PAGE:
Intended for healthcare professionals


Vaccine programmes must consider their effect on general resistance

BMJ 2012; 344 doi: (Published 14 June 2012) Cite this as: BMJ 2012;344:e3769

Re: Vaccine programmes must consider their effect on general resistance

The research by Peter Aaby and his colleagues, studying non-specific vaccine effects over the years is remarkable, particularly in respect to overbearing political pressures.

Andrew Parker writes in an editorial that "one of the main obstacles to open discussion of these non-specific vaccine effects, and independent investigation of the issue, is that an adequate account of the positive impact of vaccines has not been included and, as a result, the phenomenon is perceived as a threat to the life-saving global immunisation vision and strategy with the result that the topic has been largely avoided by funders and investigators."

But the possible result of actively neglecting non-specific vaccine effects, is that through vaccinations and the avoidance of acute communicable diseases, this has contributed to a serious increase in chronic non-communicable diseases.

Peter Aaby's type of work should be standard when new vaccines are introduced. But due to willful ignorance of long term non-specific effects, a comparison can be made with the financial sector where numbers and targets are chased and no interest is taken in the lasting effects. However, precisely the lasting effects of vaccines should be the focus of the WHO and Public Health.

Research is desperately needed and not only into immunostimulation that could affect the response to other infections.

The "allergic march" is obvious: food allergies, asthma, eczema and hayfever have increased to endemic levels. The ISAAC studies have established this for the countries with the greatest number of immunisations. However, there is little to no discussion of the possible effects of vaccinations in ISAAC papers and the focus is skewed to the hygiene hypothesis.

The burden of chronic (non-communicable) diseases has increased significantly, for example, prescriptions in US children increased for asthma by14% over the period 2002 - 2010
The rate of severe reactions in young children with food allergies is higher than thought.

Allergy related chronic diseases can biologically be explained through a priming of the immune system in infancy to react in a Th2 fashion (producing antibodies) to the exclusion of Th1 (cellular immunity). In natural infections both Th1 and Th2 are stimulated and the Th1 reaction produces the rash to show for that.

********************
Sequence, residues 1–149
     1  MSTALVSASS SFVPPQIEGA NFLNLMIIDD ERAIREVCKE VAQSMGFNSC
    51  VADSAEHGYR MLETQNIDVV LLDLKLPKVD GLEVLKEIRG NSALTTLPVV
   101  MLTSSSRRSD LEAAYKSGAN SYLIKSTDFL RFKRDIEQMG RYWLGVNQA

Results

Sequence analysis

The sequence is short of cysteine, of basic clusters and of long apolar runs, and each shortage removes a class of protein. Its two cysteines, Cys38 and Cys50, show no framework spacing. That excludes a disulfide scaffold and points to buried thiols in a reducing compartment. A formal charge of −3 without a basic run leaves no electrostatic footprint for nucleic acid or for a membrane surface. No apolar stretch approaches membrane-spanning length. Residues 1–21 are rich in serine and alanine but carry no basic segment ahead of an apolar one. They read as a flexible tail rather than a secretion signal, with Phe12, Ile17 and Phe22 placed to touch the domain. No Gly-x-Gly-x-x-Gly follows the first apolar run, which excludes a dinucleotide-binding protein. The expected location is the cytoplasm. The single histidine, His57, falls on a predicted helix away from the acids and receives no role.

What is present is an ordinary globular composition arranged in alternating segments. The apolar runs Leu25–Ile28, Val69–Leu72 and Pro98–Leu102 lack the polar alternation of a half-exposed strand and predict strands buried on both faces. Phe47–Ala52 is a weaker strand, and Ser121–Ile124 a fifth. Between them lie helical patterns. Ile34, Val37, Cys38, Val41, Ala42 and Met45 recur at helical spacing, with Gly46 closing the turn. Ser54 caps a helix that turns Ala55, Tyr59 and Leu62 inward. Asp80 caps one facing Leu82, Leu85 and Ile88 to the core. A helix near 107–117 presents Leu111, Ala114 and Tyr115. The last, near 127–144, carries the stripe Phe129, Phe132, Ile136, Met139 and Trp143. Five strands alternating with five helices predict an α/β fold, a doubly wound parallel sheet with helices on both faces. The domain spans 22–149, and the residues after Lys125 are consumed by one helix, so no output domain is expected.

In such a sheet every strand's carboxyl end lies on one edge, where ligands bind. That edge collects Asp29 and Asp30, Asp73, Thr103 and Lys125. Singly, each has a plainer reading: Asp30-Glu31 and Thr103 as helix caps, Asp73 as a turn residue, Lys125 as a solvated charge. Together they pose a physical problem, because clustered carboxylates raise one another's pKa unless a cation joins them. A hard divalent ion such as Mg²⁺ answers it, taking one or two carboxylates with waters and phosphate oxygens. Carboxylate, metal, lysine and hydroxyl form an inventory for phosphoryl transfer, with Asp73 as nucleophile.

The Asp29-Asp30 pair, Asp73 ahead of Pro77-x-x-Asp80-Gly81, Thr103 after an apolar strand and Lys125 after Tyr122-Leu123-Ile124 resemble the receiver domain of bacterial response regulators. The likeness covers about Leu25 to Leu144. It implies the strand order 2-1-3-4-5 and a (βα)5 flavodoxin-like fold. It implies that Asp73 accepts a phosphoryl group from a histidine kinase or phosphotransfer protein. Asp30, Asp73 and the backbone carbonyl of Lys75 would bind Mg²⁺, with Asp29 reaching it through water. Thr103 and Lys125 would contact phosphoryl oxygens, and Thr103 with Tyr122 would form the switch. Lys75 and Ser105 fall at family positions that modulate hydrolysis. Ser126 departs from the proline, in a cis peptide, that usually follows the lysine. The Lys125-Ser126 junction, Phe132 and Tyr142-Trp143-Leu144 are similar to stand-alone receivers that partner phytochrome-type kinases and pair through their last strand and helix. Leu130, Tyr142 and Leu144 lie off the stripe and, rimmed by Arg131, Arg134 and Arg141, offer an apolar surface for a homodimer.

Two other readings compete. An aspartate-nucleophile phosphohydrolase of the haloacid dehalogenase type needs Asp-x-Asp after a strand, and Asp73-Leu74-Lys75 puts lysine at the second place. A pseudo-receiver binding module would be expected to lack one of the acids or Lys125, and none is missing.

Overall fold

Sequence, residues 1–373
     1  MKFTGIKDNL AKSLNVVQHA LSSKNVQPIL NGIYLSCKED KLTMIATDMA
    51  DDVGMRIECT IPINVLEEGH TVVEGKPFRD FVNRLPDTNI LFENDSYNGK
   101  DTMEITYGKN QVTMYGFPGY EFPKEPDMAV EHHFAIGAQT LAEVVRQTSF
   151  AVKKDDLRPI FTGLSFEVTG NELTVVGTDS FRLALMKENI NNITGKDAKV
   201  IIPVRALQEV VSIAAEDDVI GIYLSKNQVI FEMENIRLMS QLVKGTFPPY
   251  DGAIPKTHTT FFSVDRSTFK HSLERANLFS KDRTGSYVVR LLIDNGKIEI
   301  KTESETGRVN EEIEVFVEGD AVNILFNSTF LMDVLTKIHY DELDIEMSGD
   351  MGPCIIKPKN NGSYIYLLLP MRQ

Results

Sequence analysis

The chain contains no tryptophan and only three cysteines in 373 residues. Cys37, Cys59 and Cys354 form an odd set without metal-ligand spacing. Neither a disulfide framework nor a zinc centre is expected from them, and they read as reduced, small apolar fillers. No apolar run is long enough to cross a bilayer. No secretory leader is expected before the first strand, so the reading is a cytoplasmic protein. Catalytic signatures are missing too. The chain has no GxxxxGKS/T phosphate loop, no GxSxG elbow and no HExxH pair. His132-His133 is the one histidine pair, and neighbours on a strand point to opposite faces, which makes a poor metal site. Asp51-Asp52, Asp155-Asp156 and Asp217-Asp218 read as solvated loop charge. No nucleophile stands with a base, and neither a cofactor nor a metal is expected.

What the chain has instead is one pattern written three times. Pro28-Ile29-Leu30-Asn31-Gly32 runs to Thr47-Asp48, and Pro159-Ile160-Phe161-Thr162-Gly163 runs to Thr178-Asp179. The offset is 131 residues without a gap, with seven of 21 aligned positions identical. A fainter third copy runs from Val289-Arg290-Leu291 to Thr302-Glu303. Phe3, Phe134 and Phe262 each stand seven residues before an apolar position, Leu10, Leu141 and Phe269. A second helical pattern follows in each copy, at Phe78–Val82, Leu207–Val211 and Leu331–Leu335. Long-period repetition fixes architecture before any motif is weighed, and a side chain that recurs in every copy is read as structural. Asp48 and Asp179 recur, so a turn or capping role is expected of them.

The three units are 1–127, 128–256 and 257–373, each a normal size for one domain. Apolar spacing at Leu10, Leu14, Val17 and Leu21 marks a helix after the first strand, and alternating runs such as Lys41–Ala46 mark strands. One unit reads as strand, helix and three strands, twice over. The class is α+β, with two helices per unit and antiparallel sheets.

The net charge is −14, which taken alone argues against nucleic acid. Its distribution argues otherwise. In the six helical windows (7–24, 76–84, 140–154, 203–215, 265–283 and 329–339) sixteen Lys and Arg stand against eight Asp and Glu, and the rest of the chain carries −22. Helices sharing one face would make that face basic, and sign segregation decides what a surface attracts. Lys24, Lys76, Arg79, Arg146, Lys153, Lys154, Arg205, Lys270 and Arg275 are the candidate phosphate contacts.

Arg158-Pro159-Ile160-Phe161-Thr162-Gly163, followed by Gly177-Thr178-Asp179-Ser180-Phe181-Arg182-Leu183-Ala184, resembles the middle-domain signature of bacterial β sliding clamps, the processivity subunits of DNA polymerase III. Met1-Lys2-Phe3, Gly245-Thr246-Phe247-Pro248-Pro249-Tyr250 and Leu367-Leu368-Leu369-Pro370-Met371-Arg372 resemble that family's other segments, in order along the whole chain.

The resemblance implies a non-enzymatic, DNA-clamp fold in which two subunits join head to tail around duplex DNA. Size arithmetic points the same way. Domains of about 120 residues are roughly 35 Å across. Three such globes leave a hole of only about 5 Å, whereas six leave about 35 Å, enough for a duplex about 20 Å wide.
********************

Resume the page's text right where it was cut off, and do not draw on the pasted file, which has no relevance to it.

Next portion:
I am not aware that the effect of vaccination on priming the immune system in the infant is consistently being investigated. But does the burden of chronic non-communicable diseases seems ultimately bigger because of vaccinations that prevent acute communicable (infectious) diseases? Could it be better to postpone vaccination until the immune system is more mature rather than to vaccinate in the first 6 months of life?

The human microbiome is an important factor in health and disease. But I am not aware of consistent research as to how vaccines affect the commensal flora by comparing commensal flora pre and post vaccination, although diet, environment, host genetics and early microbial exposure have all been implicated. The diversity of microbes of distinct types of organisms has been linked to several human diseases and variation might well be critical for understanding microbiome-based disorders.

The following article in Cell; "The impact of the gut microbiota on human health: an integrated view" gives a fascinating review of the impact of the micro-organisms that we carry in our gut on our health. It even carries a paragraph 'effects of antibiotics on the microbiota' however not a single mentioning of the effects of immunisations.

Moving on from physical illnesses, could vaccines have an effect on the development of personality? Inflammatory processes are associated with mental illness. For example depression is associated with a sensitization of immuno-inflammatory pathways. And for example in the US prescriptions for children increased 46% for ADHD from 2002 through 2010.
Microbes have an effect on the brain

Frank Ryan has given a description in his book "Virolution" how human development is intimately related to viruses. Could it be that interfering with that relationship cause (pervasive) developmental delays?
In his book "Metamorphosis" he also suggests that the human pubertal phase can be seen as a metamorphosing process. It would be depressing to think that due to blocking natural infections, the maturation of the personality is interfered with.

And, for example, in the adult, through narratives it has been documented that going through an infectious illness, can bring positive life changes. For example it is fascinating to read how Arthur Conan Doyle had a life changing insight when going through a flu like illness.

Therefore research is not only needed with reference to physical health but also with reference to mental health. Most of all what has been missing is research into the long term ('chronic') beneficial effects of infectious diseases on both physical and mental health.

Andrew Parker's remark is an admission of willful neglect by the WHO and national public health departments. Putting it in perspective: it makes misconduct by pharmaceutical industry insignificant in comparison because the organised misconduct of systematically avoiding research and discussion of non-specific side effects of vaccines affects humanity as a whole. Editors of journals will hopefully stop colluding and Bill and Melinda Gates Foundation will hopefully incorporate proper research into possible lifelong physical and mental health effects of vaccination.

Over the past decade I have suggested research in the following areas:









Competing interests: No competing interests

10 July 2012
Wouter Havinga
GP locum